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bgp public peering network diagram
Networking / Telecom Glossary

Border Gateway Protocol (BGP) vs. Static Routing (Charts Included)

For anyone who has ever been in charge of managing an enterprise network, you are likely aware that there are several dynamic routing protocols that can help alleviate all of the error-prone, human touch points of network expansion

You might be less aware, however, with how dynamic routing works in comparison to static routing. 

The goal of this blog is to walk you through the design differences between setting up a network using Border Gateway Protocol (BGP) Routing vs. Static Routing (in the context of a private network with a private Autonomous System Number or ASN). 

wan lan bgp diagram

Sexy Networking Diagrams (copywrite pending) by Matt Pinto

First things first: 

  • If any of the terms in this introduction are new to you, I recommend that you skip ahead to the “Key Concepts” section at the end of this post. 

  • This post includes multiple custom network diagrams. The IP addresses used in these images are entirely random. 

  • For anyone that reads this and thinks to themselves, “Wait, what about the firewall?” Yes, the firewall is supposed to go between the LAN and the network, but I’m trying to keep this blog focused solely on explaining BGP, ok? 

Scenario 1a - Static routing between two locations.

In Chart 2 below, I’ve attempted to provide an extremely rudimentary explanation of how static routing takes place when moving data between two locations connected via MPLS. If there was an “IP Routing 101” class, this would be more like “Intro to IP Routing”.  

For any of the advanced networking people reading this - yes - adding a default route in the CPE routers pointing all traffic to the vrf would be a simple fix for static routing in the CPE routers. Reminder that the point of this is to show the difference between static routing and BGP routing. 

Chart 2

Situation = PC at site 1 (192.168.1.121 - Chart 2, red dot 1) is attempting to connect to PC at site 2 (192.168.2.215 - Chart 2, red dot 5).  

static routing network diagram

Sexy Networking Diagrams (copywrite pending) by Matt Pinto

Chart 2 Reference Notes

  1. The traffic will initially go to the PC’s default gateway.  In this example, the CPE router is the PC’s default gateway.  In a static routing scenario, the CPE Router needs one of the company’s IT engineers to configure a static route saying that traffic destined for 192.168.2.0/24 has to go to 10.0.1.1 - the PE router at the other side of the WAN link.  (see Chart 2 - red dot 2)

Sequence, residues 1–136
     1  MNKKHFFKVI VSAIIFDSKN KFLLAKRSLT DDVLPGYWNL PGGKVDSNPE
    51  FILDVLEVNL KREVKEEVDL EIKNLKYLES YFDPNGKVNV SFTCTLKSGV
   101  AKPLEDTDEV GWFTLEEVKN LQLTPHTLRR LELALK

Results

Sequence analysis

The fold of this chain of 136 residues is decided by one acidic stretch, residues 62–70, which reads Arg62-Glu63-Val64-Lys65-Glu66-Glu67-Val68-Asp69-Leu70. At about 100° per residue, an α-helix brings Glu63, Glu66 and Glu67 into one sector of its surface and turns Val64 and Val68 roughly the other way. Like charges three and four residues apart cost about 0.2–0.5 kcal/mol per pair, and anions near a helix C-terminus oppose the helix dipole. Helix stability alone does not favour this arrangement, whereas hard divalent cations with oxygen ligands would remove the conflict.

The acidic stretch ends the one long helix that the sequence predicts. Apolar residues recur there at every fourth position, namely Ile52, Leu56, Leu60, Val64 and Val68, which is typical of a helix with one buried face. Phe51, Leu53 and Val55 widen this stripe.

2. The traffic is now at the PE router which was configured by the service provider’s engineer.  In a static routing scenario, two static routes need to be configured into the VRF for this instance (see Chart 2 - red dot 3). One route (example 192.168.2.0/24 via 10.0.2.2) so that this traffic knows how to get to site 2. A second route (example 192.168.1.0/24 via 10.0.1.2) so that the return traffic knows how to get back to site 1.

  3. At this point, the vrf router that is configured by the service provider has the information that it needs to forward the traffic to the CPE router at site 2.

  4. The router at site 2 knows about the PC (192.168.2.215) because it’s directly connected, but it needs the return route so that the PC at site 2 can send traffic back to the PC at site 1.  Example 192.168.1.0/24 via 10.0.2.1.  (see Chart 2 -, red dot 4)

  5. The end of the process is when the connection is established between the PC at site 1 and the PC at site 2 (see Chart 2 - red dot 5) and they are able to directly communicate with each other.

Notice in this example that there are multiple points along the way that require manual configuration by engineers so that the equipment knows about the next place to send traffic.